Indian Cultures in Mexico and South America
Disappearing Cultures Foundation made six expeditions to five different countries in South America, visiting traditional Indian settlements in Bolivia, Brazil, Ecuador, Peru and Venezuela in the years of 2003-2005. In the Amazon we met with the following tribes: Enawene Nawe, Huaorani, Kamaiurá, Machiguenga, Matuxi, Panare, Tsachila and Yanomami. In the Andes we visited Quechua and Aymara cultures in Arque, Huaraz, Cusco/La Raya, Mollo, Oyacasi, Paukartambo, Potosí, Queros, Tapacarí, Tarabuco, and Titicaca/Uros. Hands Around the World introduces unique Native American Indian cultures from Mexico and various parts of South America, particularly the Amazon basin and the Andes Mountains. We are rapidly becoming a global culture.
Many of the Native American cultures, especially in North America, have been lost forever and are still honored only in myth and memory. Fortunately there are some Indian cultures that are relatively intact, especially in Amazonia.Hands Around the World feels that it is important to preserve the art, stories, myths, belief systems, details of day to day life, in short all aspects of Native American culture while we still can. This web site is an educational resource to introduce these unique indigenous tribes. We have provided web links to use as additional educational resources. We encourage you to browse this site to learn more about these interesting cultures.
Much of the cultural diversity of our world is disappearing. In South America, not only are the cultures and traditions in danger of disappearing, but some of the Indians themselves are in danger of actual extinction. The Yanomamo is a well known tribe that is rapidly losing its members through the ravages Western disease. Also, many of the Yanomamo tribe are losing their members and culture by assimilation, literally as slave labor, into the society of the South American gold miner. The Yanomami are only the tip of the iceberg. There are hundreds of other less well known tribes who are also fighting for their literal as well as cultural survival. A case in point is the Assurini, a group of people living in Amazonian Brazil. Their tribe, known for their finely crafted pottery, is down to fifty-seven members. The child population is now seven and the women who are carrying on the artistic tradition of pottery making now number ten. Most of these tribes have their own language which is rarely in written form. If their art and culture are not protected and recorded, they may soon disappear forever.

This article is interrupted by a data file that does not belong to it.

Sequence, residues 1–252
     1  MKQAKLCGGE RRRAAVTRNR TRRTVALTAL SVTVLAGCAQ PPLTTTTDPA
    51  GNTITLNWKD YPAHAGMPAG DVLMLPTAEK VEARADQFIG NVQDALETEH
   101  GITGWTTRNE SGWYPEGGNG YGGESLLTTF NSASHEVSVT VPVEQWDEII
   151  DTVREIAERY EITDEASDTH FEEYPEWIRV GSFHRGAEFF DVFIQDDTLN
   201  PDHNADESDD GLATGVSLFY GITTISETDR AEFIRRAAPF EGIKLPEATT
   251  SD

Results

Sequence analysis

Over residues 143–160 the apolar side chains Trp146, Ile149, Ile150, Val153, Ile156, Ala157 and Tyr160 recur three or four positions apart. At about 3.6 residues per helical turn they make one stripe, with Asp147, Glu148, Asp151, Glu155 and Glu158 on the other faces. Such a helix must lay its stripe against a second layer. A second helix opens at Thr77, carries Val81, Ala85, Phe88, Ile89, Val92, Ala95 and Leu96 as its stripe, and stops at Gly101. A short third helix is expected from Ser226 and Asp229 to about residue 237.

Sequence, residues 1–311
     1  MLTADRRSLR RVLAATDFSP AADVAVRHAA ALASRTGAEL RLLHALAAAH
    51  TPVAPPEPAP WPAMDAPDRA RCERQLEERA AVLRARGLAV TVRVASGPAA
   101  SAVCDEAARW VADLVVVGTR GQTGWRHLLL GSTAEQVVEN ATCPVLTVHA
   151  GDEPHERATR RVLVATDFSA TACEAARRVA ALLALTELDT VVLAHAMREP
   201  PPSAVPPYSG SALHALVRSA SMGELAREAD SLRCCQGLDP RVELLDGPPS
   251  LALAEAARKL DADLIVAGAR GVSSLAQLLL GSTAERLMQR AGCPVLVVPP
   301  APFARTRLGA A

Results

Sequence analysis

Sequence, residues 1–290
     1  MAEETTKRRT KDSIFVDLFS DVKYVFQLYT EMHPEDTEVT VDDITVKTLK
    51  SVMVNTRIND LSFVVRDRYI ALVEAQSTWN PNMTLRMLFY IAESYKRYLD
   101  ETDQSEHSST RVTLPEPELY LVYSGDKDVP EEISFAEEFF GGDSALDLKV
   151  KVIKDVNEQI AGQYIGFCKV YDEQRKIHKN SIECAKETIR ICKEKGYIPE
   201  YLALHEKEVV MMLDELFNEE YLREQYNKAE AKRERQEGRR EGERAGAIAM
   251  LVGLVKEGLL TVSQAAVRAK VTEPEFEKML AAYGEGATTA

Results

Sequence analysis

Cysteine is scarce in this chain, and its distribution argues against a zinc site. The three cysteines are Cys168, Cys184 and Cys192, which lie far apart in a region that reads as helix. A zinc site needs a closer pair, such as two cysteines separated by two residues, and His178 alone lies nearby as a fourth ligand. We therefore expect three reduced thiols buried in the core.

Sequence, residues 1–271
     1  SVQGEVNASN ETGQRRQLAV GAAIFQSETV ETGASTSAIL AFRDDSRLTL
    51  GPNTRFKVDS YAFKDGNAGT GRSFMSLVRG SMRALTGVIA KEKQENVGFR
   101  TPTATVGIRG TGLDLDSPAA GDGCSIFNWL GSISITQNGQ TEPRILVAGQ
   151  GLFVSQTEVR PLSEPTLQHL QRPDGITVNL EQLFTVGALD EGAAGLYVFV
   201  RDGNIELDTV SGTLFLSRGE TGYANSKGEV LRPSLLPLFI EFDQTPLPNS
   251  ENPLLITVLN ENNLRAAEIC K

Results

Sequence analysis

Hands Around the World is trying to play a small part in preserving Native American cultures by encouraging the continuation of their native art forms. The goal is not only to preserve the art itself but also their culture by giving them a viable means of support using their traditional skills. Many times the Native American, especially in the Amazon Rain Forest, is forced to revert to non-traditional and often ecologically unsound methods of supporting their families, such as slash and burn farming of our precious remaining rain forests. By encouraging and supporting their traditional art forms, Hands Around the World hopes not only to preserve the Native American Indian culture and way of life, but also the conservation and preservation of our natural resources.
A special note of thanks to David Richardson, founder and director of the Center for the Preservation of Indigenous Art and Culture in Alter de Chao, Brazil. Mr. Richardson’s extensive study and work with the Native Americans in Brazil has provided much of the information on the Brazilian tribes. His beautiful museum and cultural center near Santarem, Brazil contains one of the most extensive collections of Amazon Indian tribal art in the world, with over 75 tribes represented. Also, thanks to Milan Harris of Rain Forest Crafts and the book Arts of the Amazon published by Thames and Hudson for additional information.